Although some 20 years have passed since the launch of the OM-3Ti, the OM-D E-M5 Mark II Limited Edition has much in common with its illustrious forebear, and not just visually. Both offer serious photographers a more portable, high-grade alternative to bulkier SLRs. The 1980s and 90s cemented the OM series’ reputation for compact, lightweight, go-anywhere system cameras as well as innovations such as the air damper that muffled the shock of mirror movement or the multi-spot metering mechanism beloved of professional owners of the OM-4. The E-M5 Mark II continues that tradition with its minimal dimensions, rugged build, and the world’s most powerful** 5-axis Image Stabilization system. This – as the TIPA award jury pointed out – makes it ideal for high-speed, spontaneous photography on the move (“a breakthrough technology that handles virtually every shooting situation.”).

    OM-D E-M5 Mark II Limited Edition AT A GLANCE:

    • Exclusive collector’s item with just 7,000 due to be built
    • Distinctive titanium-style finish pays evokes the iconic OM-3Ti
    • Supplied with luxurious OM-Dbranded leather strap, exclusive owner’s card and premium leather card case

    A titan in titanium

    Beginning with the launch of the OM-1 in 1973, Yoshihisa Maitani’s breakthrough series married form with professional-grade function, and the OM-3Ti was the beautiful – and practical – culmination of this design philosophy. Its titanium plates were not just lighter than aluminium, they were also more resistant to corrosion and heat, and fully six times more robust. Visually, they ensured the OM-3Ti stood out from every other camera available at that time.

    The OM-D E-M5 Mark II Limited Edition pays homage to this heritage with a striking new colour and a number of unmistakable OM design cues. In addition to the familiar, angular OM contours, prism mount and low centre of gravity, the new camera woos collectors with its distinctive titanium-style finish as well as the exquisitely knurled dials and shutter release. From the perspective of its owner, the controls ooze state-of-the-art optical precision.

    20th-century history, 21st-century quality

    The design of the OM-D E-M 5 Mark II Limited Edition may hark back to the 80s and 90s, but in every other respect it is very much a cutting-edge example of the best optical engineering on offer today, as acknowledged by TIPA when they singled out a number of features (other than the 5-axis IS) for praise: “Housed in a dustproof, splashproof and freeze-proof magnesium alloy body, the 16.1 Megapixel 4/3 Live MOS sensor and TruePic VII processor of the Olympus OM-D E-M5 Mark II deliver a wide array of creative imaging options and an ISO up to 25,600. The camera sports a 2.36 million-dot Electronic Viewfinder and a 3-inch 1,037K-dot swivel touchscreen LCD monitor. Its extremely quick Fast AF boasts an 81-point area, excellent low-light performance and tracking AF, delivering fast AF for the camera’s 10 frames-per-second rate at full resolution. The camera also has a special ‘High-Res Shot’ option that is said to deliver resolution equivalent to a 40 Megapixel sensor by combining 8 shots into a single JPEG using sensor shift.”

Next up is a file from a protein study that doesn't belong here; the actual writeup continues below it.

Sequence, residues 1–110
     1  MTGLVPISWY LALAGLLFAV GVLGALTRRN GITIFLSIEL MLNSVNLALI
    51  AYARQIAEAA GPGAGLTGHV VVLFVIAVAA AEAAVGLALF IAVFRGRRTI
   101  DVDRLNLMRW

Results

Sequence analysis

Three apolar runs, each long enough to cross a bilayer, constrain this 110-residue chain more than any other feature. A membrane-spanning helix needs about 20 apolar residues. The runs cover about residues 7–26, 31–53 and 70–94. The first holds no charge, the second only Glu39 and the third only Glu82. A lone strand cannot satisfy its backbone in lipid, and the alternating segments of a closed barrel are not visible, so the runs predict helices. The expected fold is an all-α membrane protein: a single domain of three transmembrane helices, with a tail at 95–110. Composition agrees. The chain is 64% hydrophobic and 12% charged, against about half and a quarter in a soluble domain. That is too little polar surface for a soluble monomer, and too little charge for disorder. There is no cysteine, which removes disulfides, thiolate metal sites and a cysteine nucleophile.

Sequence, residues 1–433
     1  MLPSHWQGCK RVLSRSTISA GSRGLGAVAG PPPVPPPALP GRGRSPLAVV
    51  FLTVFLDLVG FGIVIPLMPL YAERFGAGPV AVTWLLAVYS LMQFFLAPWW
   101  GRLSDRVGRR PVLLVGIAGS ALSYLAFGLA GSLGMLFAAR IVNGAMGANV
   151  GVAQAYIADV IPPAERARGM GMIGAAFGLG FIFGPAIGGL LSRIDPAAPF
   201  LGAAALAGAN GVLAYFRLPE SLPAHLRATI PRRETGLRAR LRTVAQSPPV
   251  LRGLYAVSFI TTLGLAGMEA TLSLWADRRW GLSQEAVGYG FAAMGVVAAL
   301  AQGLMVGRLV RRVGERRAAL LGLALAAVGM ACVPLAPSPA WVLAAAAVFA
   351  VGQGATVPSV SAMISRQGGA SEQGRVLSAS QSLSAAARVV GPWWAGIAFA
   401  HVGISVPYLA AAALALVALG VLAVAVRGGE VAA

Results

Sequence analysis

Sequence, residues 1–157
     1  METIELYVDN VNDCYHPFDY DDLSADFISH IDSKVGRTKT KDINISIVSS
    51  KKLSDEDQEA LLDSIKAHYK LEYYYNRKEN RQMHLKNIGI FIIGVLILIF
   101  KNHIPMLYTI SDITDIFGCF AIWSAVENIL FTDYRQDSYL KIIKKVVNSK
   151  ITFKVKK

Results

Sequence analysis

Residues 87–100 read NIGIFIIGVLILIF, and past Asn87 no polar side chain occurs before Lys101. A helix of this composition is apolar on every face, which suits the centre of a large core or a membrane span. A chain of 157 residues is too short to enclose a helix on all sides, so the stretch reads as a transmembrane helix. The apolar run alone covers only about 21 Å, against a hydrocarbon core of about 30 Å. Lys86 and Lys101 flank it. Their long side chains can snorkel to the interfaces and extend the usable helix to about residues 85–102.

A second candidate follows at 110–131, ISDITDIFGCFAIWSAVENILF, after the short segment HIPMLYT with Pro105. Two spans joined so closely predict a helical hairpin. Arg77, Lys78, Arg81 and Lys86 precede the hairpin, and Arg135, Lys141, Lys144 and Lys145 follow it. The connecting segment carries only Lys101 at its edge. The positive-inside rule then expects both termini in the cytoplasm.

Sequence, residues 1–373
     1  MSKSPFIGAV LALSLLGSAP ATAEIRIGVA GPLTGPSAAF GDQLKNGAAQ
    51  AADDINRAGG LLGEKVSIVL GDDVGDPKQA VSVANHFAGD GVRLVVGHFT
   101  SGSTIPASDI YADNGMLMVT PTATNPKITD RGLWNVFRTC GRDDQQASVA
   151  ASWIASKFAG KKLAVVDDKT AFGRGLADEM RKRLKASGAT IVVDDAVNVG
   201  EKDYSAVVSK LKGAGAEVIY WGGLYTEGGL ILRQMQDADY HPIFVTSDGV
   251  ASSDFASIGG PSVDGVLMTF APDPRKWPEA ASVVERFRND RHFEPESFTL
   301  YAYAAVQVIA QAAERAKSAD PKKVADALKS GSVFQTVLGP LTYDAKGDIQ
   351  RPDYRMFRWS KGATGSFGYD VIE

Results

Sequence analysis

Of course, the most recent addition to Olympus’ OM-D family will be celebrated primarily for its remarkable titanium looks, luxurious leather accessories and the powerful sense of heritage it conveys to anyone who holds it. But in essence it remains a sophisticated tool for the spontaneous creative photographer and videographer. It is smaller and much lighter than comparable SLRs and, as such, it enables filmmakers to capture handheld movies outdoors without carrying additional, bulky equipment – blur- and noise-free – irrespective of poor light. As a tribute to his benchmark OM cameras of yesteryear, Yoshihisa Maitani would surely approve

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  • As an owner of an OM-4t, titanium body that color is too dark. The OM-3t was same color. I would say the original color is more of a champagne. Still nice looking color....

  • Can you adjust exposure parameters on EM5II while recording video in A,S or M modes? That's not the case with Mark 1 on which you can only set exposure before recording.

  • Ming Thein's review of the E-M5 II:

    Kind of critical, but I agree with a lot of the critics. And put in context (comparing it for work, where he uses the D810).

    He mentions the HDMI out for video, and I've remembered: anyone here used the E-M5 II with a Ninja Star?